The stimulation correction level (intensity) or strong vibration correction level on PAC Buzz collar is controlled solely from the handset. Depending on the PACDOG handset model this intensity is controlled from a dial on the handset whereas on others, it is controlled by pressing the appropriate, pre-set-level trigger.
Irrespective of size, breed and type of problem, each dog is an individual. It is important, therefore, before starting your first active training session, that you establish the most appropriate correction level for your dog. While it may seem logical to assume that a small dog will need less corrective stimulation (or strong vibration correction level on PAC Buzz collar) than the bigger dog, this is not always the case. There are many examples of large dogs, such as Great Danes, that are highly sensitive and of some smaller dogs, such as Beagles that require a much higher level of correction. Furthermore, among dogs of the same breed, and even among dogs from the same litter, there can be wide variation of reaction to a particular correction level. In addition, the Insulating effect of the fur on longhaired breeds will often require a higher setting … or the use of different probes (see the PACDOG instructions for use)
Certainly, since a dog’s ears are often blocked by adrenaline whilst he is chasing a quarry, it may well be necessary temporarily to increase the stimulation level, or strong vibration correction level on PAC Buzz collar. It is also worth bearing in mind that a dogs pain threshold is mostly, significantly higher than that of a human. Testing the correction level on yourself (e.g. on your arm) is not likely to be very meaningful, but it is as well that you should be aware of the sort of correction that you are administering.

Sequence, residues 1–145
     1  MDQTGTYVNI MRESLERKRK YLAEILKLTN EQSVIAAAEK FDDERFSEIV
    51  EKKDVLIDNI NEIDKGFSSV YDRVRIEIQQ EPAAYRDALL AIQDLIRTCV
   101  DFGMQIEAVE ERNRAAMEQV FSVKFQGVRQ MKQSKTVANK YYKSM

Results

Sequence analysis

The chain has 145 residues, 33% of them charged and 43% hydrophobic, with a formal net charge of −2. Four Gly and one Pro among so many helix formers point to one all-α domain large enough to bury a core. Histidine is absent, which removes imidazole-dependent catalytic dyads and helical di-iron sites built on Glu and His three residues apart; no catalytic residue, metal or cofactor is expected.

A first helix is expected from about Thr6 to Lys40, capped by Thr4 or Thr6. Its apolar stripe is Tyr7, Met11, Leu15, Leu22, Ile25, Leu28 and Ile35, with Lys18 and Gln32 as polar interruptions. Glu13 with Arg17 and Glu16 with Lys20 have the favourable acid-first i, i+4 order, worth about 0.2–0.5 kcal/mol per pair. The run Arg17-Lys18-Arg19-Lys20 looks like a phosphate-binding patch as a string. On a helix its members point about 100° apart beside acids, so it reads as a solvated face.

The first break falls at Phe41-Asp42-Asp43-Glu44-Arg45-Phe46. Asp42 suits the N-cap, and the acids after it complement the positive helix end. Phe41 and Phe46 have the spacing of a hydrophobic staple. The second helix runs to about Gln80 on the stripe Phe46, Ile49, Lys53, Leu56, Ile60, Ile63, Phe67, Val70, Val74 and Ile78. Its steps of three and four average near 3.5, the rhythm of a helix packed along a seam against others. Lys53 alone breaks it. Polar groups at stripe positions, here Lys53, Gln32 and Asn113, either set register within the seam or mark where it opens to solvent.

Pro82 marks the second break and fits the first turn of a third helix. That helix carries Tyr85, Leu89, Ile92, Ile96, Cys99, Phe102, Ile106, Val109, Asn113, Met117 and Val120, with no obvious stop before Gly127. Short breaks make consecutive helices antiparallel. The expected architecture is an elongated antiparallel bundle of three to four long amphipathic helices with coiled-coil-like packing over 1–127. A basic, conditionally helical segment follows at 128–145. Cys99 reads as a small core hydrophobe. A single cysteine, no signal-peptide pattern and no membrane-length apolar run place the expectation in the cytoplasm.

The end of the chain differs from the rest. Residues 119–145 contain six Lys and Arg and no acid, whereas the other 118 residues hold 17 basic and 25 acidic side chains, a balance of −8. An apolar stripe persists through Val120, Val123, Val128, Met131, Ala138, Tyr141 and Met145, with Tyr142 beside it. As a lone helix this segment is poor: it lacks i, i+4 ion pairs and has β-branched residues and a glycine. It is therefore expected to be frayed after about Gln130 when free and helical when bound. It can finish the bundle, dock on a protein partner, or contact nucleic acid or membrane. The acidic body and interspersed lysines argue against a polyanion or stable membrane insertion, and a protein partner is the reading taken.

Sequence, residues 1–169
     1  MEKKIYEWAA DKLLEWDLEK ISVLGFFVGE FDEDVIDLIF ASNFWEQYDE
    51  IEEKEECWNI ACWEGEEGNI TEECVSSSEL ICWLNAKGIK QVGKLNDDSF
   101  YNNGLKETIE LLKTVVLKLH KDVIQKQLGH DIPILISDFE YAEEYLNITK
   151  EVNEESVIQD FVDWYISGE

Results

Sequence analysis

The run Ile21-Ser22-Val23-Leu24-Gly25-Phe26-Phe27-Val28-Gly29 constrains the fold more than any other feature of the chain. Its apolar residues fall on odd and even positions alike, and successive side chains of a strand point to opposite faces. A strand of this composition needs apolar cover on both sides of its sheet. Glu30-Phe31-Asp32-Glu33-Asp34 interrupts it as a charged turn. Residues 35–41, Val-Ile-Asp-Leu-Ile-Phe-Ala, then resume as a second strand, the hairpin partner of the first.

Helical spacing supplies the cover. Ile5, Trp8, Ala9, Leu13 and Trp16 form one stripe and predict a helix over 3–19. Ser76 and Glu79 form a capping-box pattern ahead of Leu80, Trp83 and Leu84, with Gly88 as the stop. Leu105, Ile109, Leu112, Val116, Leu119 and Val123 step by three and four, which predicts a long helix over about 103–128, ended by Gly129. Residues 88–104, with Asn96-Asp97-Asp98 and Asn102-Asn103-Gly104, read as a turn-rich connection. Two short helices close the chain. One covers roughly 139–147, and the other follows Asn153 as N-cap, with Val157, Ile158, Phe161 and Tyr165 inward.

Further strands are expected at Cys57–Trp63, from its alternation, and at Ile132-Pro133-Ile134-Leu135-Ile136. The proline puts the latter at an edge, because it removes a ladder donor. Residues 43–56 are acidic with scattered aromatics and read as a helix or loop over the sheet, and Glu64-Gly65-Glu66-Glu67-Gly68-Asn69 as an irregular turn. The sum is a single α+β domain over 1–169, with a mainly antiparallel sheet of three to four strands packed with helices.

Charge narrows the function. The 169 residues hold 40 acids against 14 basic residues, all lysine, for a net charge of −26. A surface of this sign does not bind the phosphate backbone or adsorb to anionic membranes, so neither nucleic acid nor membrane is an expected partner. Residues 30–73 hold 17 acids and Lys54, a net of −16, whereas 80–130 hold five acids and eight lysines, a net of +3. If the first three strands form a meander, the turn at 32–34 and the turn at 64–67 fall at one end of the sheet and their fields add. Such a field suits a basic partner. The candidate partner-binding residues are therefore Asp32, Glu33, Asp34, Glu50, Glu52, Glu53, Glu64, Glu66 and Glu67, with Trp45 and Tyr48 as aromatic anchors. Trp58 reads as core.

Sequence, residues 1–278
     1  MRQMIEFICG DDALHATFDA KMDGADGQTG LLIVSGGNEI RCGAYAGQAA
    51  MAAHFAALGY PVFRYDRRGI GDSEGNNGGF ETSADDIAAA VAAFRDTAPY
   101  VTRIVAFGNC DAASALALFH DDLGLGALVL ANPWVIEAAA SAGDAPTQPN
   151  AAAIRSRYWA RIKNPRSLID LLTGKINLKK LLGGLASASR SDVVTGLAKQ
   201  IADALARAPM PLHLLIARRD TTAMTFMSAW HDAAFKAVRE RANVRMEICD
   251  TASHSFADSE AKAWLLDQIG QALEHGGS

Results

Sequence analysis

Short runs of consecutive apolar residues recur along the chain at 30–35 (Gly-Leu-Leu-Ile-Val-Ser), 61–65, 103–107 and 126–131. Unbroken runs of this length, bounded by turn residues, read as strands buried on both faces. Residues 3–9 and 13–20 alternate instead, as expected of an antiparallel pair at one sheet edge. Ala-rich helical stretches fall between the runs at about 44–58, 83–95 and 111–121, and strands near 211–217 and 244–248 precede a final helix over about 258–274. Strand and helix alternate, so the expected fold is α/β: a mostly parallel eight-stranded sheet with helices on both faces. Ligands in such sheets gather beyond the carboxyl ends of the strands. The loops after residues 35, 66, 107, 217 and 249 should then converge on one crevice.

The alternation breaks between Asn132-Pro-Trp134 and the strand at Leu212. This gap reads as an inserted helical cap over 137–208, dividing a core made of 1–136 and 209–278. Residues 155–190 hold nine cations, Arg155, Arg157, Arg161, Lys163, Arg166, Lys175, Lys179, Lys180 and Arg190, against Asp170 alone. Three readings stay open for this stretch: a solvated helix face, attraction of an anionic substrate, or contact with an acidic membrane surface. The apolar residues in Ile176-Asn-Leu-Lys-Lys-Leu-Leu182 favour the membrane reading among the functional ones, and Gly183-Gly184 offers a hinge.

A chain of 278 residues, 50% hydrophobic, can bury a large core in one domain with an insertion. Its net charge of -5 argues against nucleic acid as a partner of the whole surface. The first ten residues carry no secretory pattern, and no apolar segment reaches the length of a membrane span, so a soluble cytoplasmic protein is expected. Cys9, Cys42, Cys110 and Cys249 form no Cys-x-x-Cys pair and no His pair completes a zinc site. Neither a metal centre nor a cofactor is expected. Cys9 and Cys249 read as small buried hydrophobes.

To find the appropriate correction level for obedience training for your particular dog, select initially the minimum level of electrical stimulus or strong vibration correction on the PAC Buzz collar, on your PACDOG handset. When you press the trigger you should see a mild but positive reaction. If this is not the case, gradually Increase the Intensity, a small step at a time, until you notice a slight movement of the head. This might cause him to be startled, but should not produce a greater reaction than this. Such a mild reaction should be sufficient in most cases to correct your dog’s disobedience.
However, when you press the button for the first time or two, he might well overreact not necessarily to the strength of the correction – but to the surprise of it. Thereafter, he should no longer be so astonished at the correction.
Most dogs should change a persistently disobedient behaviour within a couple of training sessions – at a level hardly more uncomfortable for him than a pins and needles sensation or a strong vibration with the PAC Buzz collar. For some of the more determined, headstrong dogs, however, the setting might have to be increased after a period of training as they become more tolerant to the correction and begin to ignore the low-Levels. On the other hand, however, if you notice that he is overreacting, you have clearly increased correction to a level that is too high. This must be reduced progressively, till it is just enough to Get his obedient attention.
If your dog enjoys plunging into water, this will increase his sensitivity. Although you can compensate for this by reducing the correction output, we would recommend that in the early stages most of your Initial training be affected away from water. But in any case, the PACDOG collars are waterproof to several metres, and should not be affected. But If the collar, and dog, have been wetted with salt water, avoid re-using till after a thorough brushing off (both collar and dog) to remove the salt water. For correction of serious anti-social habits, such as sheep chasing, the intensity level should be chosen initially to be at least half strength – and if necessary, be prepared to select the maximum level. A short correction at such high levels often only need be one-off.